Fong Vang, Award Winning Tattoo Artist6 min read

By Xeng Moua

My name is Fong Vang and I was born in Thailand. I am a Body Art Technician. It’s a fancy word for Tattoo Artist. And yes, I do enjoy my job. I wouldn’t necessarily say it’s something I’ve always wanted to do. I knew I wanted to do something related to art but couldn’t decide on what exactly.

I remember constantly drawing on every sheet of paper I could get my hands on in first grade. I’m not sure if I was creative back then. I’m not sure if I’m creative now. I think I was just more observant then most people. I’ve always had a very carious mind. I love to learn.

In the beginning I wanted to be a concept artist. Which is pretty much the guy that designs and build the world for video games and movies. The idea of designing fantasy worlds and characters was always so fascinating to me.

After high school I attended Century College for Visual arts. While I was in college, I did a little bit of tattooing at home. After college I soon realized that a concept artist might not be the path I would like to take. And so I started doing a lot of research on how to become a professional tattoo artist. After enough research and portfolio building, I was ready to start my journey.

The skin is a very complicated medium to work with. It is constantly changing and it’s never the same experience with each individual. Also, the idea of creating art on skin was very intriguing to me. To know that people are walking around with your artwork is pretty cool.

I have a very competitive spirit. I’ve lost track of how many competitions I’ve been in but the first time has always been the most meaningful. It was at my first tattoo convention and it was at the Black Bear Casino in Carlton, Minnesota. I did a spontaneous tattoo of a bloody girl on a client’s thigh. We decided to enter it into the horror competition seeing that we had just finished in time. I didn’t know what to expect since I was still an apprentice. This was about seven or eight months into my career. I remember being extremely nervous, but to my surprise, I ended up taking first place.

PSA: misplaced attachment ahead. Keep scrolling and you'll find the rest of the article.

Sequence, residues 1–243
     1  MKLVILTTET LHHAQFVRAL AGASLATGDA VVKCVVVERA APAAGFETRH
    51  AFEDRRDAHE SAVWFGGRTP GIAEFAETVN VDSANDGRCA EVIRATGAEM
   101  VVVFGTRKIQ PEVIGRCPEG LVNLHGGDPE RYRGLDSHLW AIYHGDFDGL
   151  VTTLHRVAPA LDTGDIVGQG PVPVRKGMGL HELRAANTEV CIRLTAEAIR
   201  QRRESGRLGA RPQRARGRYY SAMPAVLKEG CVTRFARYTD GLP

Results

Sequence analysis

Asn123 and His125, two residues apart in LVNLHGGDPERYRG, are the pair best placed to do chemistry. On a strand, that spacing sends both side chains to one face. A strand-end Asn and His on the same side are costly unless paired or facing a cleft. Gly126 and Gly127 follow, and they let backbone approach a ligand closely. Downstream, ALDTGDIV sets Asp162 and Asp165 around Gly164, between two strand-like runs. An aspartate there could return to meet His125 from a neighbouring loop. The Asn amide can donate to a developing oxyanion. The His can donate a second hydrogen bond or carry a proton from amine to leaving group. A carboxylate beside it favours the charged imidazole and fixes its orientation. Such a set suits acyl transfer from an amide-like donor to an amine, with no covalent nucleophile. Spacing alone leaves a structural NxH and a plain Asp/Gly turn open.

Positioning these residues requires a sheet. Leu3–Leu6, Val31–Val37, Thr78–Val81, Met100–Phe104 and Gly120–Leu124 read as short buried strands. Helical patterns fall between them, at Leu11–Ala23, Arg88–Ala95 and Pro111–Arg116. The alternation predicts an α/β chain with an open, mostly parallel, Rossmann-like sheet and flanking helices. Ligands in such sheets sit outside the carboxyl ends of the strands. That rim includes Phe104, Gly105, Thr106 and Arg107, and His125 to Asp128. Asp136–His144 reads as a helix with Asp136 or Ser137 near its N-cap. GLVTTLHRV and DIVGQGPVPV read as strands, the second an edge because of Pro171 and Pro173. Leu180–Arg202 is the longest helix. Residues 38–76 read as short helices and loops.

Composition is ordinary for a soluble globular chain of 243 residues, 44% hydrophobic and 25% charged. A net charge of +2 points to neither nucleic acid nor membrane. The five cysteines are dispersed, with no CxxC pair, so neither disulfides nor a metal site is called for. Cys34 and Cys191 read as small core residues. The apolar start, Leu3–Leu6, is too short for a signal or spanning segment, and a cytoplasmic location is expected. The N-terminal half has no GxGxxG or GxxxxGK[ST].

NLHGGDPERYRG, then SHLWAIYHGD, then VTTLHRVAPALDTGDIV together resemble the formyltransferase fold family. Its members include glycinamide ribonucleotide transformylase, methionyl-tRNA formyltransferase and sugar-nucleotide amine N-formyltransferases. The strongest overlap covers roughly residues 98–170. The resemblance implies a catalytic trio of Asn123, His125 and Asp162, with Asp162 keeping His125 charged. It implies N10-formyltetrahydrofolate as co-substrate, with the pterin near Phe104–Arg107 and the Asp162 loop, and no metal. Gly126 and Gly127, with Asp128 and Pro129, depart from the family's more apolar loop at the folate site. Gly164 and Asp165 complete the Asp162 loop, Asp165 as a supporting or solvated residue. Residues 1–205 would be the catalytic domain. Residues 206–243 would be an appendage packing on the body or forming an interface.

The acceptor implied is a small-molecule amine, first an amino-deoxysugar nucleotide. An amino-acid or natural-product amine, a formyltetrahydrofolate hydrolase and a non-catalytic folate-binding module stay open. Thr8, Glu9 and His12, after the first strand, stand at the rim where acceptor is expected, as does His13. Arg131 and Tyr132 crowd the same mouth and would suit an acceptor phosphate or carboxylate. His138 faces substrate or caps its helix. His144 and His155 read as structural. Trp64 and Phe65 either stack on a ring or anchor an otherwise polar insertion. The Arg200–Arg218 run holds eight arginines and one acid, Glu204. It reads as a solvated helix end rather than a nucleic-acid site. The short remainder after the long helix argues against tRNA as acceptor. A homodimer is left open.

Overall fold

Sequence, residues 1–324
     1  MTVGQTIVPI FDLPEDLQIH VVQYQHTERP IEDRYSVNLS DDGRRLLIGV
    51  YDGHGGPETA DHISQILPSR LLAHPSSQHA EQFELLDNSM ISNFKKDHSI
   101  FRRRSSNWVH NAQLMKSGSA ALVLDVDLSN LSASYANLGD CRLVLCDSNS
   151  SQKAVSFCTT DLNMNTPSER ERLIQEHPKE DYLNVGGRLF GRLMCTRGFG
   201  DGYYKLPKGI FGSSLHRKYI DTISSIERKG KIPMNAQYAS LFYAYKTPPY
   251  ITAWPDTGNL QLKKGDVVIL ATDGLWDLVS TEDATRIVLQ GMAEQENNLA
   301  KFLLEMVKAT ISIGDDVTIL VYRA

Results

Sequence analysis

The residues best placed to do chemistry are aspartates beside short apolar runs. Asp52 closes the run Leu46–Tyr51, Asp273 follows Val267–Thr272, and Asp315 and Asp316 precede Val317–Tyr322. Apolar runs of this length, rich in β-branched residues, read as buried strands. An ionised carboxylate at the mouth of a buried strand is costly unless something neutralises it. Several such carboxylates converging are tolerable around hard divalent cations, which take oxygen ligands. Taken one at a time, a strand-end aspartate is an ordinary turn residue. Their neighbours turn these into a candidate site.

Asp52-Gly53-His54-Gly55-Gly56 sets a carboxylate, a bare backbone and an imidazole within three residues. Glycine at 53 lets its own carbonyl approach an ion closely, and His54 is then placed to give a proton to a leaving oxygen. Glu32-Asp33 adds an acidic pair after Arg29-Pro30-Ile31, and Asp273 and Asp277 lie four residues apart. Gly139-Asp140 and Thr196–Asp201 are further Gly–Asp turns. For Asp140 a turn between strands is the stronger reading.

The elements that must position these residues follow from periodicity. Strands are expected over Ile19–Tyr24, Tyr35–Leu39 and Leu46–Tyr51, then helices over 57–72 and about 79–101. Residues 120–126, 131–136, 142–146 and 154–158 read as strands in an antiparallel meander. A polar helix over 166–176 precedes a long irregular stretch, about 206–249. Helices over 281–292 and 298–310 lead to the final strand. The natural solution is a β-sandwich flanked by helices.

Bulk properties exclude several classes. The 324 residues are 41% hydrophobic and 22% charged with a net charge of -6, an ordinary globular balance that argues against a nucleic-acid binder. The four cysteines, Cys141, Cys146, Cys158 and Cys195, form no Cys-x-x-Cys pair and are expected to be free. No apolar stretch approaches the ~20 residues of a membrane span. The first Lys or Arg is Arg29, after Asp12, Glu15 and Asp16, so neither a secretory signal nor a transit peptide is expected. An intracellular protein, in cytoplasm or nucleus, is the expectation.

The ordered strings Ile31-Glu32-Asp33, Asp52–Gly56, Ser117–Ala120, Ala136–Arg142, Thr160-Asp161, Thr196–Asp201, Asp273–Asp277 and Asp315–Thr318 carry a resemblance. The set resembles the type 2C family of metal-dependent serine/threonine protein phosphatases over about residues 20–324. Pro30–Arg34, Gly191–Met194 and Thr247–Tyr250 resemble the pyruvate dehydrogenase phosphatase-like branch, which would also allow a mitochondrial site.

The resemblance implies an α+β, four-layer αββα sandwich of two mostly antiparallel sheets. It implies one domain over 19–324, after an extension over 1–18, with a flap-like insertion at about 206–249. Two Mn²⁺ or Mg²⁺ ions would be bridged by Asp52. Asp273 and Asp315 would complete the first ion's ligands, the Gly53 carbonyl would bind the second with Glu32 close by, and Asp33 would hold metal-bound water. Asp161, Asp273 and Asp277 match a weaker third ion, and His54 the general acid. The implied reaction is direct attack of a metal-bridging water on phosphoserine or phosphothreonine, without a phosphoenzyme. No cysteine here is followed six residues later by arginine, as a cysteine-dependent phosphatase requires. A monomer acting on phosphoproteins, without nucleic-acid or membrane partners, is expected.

My favorite tattoos are portraits, because it’s challenging but at the same time very rewarding. When I first started out my tattoo career, I knew I wanted to be a portrait artist. I’ve heard people say portraits are one of the most difficult things to do, so I wanted to take on that challenge. What better way to stand out then to do what everyone else trying to stay away from.

Technically I did have a few mentors, but I would consider myself “self-taught” for the most part. Owning my own shop has always been a goal of mine if I was ever to become a professional. I wanted to have the first Hmong-owned tattoo shop in Minnesota. Another reason for that was because I wanted to show the up and coming artists that it’s possible. I wanted to be able to open doors for them. And I couldn’t do that If I didn’t have a shop of my own.

 I don’t really have a meaningful reason behind the name of my tattoo shop Inkarnate Tattoo. I just thought it was a really cool word. Incarnate means to manifest into something, to symbolize it. And I find that to be true with tattoos.